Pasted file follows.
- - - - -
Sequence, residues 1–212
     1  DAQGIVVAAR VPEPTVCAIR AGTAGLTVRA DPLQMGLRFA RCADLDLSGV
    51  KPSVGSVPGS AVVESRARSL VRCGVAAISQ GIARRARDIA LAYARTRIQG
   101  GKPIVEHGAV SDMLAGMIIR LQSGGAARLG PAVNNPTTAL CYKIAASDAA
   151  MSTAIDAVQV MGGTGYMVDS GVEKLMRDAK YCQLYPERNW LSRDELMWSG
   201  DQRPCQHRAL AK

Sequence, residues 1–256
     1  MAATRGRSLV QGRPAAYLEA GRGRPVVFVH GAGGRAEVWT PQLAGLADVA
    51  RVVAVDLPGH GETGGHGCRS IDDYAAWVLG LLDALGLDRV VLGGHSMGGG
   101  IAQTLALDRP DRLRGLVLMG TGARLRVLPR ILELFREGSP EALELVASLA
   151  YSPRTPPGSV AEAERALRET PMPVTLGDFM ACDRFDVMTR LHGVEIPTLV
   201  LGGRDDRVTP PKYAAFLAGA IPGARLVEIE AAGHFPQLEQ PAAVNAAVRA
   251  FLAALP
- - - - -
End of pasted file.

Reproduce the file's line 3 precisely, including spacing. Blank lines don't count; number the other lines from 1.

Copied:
    51  KPSVGSVPGS AVVESRARSL VRCGVAAISQ GIARRARDIA LAYARTRIQG